For the first time in several years, we were still partying when New Year’s Eve met 2009 in the warm, fire-lit living-room of our friends and neighbors, Tim and Lydia Spink. Our friends Steve and Janet Layfield were also there, and together we christened the New Year with champagne-filled goblets, toasting to friendship and future while taking one last glance at the year we leave behind.
Interestingly, this New Year’s Eve was not so much a time for reflection on an ominous economy as a time to promise a better year, a promise made by friends to friends in a culminating surge of positive energy, admittedly primed by the consumption of fine spirits. There were platters of fresh-boiled shrimp, a variety of cheeses and assorted sliced sausages laid out – and the cold, bright night glittered through tall windows beyond the fireplace.

Hosts Tim and Lydia Spink

Hosts Tim and Lydia Spink


When Leigh and I decided the Appalachian Mountains of Pickens County, Georgia would be our new home, we expected to experience degrees of loneliness and isolation. We were accustomed to living in a densely populated suburban community in Florida where an empty lot was rare and clean-cut lawns were joined for blocks. The entire immediate family lived in the same county and the two grandsons spent countless hours with us. We have missed them terribly between visits, but our first New Year’s Eve in the Appalachians offered only companionship and fellowship. We were fresh back from a Florida Christmas in the RV and our small Pickens County group focused relentlessly on the fun and good of being alive today and the desire to make 2009 even better.
It was a chain of recent economic events that brought us to Pickens County and to last night’s New Year’s celebration. The current mortgage crisis touched my industry early on and we eventually decided to move our plans to retire in the mountains forward a decade. The taxes and insurance on our larger Florida home skyrocketed while my income plummeted, setting up our dilemma. We could hang on in Florida using our savings which would eventually scuttle our retirement plans, or sell before the market crashed and our equity disappeared. The mortgage crisis continued to heat up while taxes, insurance costs and the price of living in Florida ballooned. I was employed in Florida’s building industry for many years therefore sensed that a significant building recession was in the works. People could no longer afford to pay the horribly inflated real estate prices. Still, I had no idea of the range and impact of the looming economic crisis.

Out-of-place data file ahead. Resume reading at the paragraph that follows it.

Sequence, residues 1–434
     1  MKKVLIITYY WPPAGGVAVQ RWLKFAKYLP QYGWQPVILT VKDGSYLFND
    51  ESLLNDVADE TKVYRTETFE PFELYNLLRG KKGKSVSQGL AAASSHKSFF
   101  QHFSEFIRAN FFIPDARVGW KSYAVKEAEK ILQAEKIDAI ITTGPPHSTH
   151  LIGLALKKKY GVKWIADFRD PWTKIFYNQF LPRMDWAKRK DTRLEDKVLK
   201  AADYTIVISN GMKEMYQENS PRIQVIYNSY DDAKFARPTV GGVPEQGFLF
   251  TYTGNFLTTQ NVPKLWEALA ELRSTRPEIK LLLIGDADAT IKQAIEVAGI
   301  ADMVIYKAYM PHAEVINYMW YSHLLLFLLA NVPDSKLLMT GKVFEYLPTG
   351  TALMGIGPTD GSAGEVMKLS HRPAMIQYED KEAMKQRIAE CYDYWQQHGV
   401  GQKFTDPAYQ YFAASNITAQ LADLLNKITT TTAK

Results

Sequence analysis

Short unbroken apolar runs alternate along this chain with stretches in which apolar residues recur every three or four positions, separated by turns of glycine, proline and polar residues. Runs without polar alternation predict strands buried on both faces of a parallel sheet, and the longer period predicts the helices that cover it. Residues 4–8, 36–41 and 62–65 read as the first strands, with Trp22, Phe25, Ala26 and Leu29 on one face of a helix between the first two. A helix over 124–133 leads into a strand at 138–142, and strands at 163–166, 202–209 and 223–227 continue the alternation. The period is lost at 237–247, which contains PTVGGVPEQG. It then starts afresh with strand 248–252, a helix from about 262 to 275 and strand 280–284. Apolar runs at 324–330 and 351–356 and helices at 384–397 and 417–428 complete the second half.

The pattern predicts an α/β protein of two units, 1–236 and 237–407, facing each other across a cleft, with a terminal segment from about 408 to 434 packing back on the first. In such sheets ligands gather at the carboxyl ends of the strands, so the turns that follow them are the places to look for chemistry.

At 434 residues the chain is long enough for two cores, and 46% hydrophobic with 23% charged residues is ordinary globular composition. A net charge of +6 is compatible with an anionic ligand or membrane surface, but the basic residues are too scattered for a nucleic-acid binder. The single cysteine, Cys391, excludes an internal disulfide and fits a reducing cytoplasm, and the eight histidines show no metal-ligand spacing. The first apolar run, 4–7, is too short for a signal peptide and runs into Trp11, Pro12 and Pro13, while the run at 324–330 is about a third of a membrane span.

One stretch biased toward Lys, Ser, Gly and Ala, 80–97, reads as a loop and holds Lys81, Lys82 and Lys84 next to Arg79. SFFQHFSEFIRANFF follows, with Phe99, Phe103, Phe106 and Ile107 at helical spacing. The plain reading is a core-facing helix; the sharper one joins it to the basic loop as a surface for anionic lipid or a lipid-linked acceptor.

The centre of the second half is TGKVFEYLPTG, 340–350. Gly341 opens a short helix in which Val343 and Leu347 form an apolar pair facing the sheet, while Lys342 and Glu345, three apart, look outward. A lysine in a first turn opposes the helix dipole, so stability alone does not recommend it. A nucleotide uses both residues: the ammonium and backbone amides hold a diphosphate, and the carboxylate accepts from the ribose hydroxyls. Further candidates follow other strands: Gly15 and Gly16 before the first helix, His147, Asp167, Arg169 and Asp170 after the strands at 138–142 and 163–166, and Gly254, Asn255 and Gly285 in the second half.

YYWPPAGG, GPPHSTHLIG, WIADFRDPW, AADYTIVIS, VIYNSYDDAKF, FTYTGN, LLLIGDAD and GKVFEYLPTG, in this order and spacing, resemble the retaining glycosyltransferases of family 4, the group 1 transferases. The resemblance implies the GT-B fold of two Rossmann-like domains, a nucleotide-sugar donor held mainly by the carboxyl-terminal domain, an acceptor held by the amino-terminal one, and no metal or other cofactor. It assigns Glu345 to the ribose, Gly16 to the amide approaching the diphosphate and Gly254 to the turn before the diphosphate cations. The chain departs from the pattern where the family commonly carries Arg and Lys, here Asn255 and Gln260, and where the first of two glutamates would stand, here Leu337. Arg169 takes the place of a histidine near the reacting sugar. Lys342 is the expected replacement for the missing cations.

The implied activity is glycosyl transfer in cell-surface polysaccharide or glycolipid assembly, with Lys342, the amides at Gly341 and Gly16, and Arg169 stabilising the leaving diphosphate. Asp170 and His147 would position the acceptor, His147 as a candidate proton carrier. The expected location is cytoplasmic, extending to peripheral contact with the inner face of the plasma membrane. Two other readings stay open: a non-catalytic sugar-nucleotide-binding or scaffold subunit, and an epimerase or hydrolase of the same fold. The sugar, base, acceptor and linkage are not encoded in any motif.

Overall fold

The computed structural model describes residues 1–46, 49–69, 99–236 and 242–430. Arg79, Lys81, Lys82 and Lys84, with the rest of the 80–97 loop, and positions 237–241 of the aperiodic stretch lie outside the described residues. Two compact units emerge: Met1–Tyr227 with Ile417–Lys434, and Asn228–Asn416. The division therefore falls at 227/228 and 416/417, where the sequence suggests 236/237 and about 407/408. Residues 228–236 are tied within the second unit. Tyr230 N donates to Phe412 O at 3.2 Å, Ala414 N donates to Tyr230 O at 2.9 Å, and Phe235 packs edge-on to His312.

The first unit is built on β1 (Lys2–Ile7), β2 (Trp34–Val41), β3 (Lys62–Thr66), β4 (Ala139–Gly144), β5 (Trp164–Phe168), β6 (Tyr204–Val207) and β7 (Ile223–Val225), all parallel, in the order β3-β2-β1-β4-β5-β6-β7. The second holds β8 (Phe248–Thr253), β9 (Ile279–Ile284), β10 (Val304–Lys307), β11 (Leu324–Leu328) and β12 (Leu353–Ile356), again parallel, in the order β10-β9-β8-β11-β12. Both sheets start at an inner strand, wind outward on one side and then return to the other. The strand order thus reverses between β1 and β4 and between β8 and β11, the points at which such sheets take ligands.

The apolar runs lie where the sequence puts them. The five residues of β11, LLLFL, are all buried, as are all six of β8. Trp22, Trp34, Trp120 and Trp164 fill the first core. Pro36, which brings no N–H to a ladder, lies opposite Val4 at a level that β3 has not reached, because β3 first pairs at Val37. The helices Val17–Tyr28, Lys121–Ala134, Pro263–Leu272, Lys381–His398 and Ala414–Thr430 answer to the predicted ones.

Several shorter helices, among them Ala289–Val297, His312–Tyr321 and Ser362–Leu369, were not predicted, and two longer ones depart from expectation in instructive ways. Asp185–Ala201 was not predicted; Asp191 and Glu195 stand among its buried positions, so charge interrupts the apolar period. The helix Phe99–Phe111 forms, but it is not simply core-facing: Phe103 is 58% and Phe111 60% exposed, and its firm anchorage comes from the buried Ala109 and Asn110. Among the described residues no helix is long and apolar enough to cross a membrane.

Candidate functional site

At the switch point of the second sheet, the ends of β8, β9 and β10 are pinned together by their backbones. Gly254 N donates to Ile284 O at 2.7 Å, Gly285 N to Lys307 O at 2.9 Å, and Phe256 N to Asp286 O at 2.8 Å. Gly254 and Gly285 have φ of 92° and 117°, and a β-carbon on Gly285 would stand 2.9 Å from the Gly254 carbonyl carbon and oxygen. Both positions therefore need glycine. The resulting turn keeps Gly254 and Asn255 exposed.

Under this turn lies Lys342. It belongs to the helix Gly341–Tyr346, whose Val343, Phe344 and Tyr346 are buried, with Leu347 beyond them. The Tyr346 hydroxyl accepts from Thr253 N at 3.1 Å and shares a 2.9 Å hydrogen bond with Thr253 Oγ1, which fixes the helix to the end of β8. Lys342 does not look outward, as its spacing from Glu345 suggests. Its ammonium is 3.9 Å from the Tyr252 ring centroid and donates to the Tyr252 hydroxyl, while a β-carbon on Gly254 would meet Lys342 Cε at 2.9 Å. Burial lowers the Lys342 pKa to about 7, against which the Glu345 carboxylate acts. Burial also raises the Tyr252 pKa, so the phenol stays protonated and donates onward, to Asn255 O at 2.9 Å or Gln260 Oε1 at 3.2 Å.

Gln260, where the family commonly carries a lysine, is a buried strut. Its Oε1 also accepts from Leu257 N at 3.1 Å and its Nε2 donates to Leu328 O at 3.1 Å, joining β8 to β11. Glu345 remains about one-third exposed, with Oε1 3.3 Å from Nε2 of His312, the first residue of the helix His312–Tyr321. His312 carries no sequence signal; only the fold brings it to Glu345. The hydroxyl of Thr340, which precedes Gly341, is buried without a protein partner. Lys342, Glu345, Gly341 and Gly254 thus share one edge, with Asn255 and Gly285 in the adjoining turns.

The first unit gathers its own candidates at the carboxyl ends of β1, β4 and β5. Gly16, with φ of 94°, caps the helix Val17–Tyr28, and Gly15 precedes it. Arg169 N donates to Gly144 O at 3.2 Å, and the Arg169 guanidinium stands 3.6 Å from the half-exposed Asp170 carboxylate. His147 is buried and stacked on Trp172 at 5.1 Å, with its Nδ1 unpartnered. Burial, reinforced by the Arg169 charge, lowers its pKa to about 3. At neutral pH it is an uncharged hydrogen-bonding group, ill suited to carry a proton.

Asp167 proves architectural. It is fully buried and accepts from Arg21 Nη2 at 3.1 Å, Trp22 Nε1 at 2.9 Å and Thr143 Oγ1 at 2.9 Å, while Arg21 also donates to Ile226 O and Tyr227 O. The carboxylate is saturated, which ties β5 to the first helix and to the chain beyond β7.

Friends Steve and Janet Layfield

Friends Steve and Janet Layfield


Flimflam predatory mortgages, massive tax hikes and enormous increases in homeowner insurance rates set the stage for financial chaos, especially in high-growth areas like central Florida. Long story short, we sold the Florida house for a fair profit before the economy slammed to a virtual halt and settled in a modest home in the Burnt Mountain area of Pickens County last March. Since then, we have slowly evolved from newcomers to settled members of our community, a process that nevertheless continues to evolve and change shape with the passing of time.
To that end, Leigh and I plan to do some traveling and I will write vividly and regularly about our coming adventures on the road aboard our RV affectionately dubbed the Magic Bus. With our Tampa Bay Christmas and Pickens County New Year celebration behind us, Arizona and all stops in-between are next on the agenda. Perhaps some travel columns will appear in the Pickens County Progress to address your travel interests or at least aid your insomnia. There will be some on-line travel magazine representation of our new RV lifestyle and regular columns in my RV Travel Examiner.com column: http://www.examiner.com/x-852-RV-Travel-Examiner
Whatever the coming year brings, we plan to keep an open mind on the open road and hope that you will ride shotgun from time to time through this newspaper column. I promise not to regurgitate travel presentations written by others, but to give you the good, bad and ugly on everything from the Grand Canyon to Yellowstone. So, should one feel the need to pressure one’s hometown newspaper to continue this column, he or she should not suppress such a righteous inclination.
Meanwhile, buckle up, let’s roll!
Larry and Leigh Clifton

Larry and Leigh Clifton


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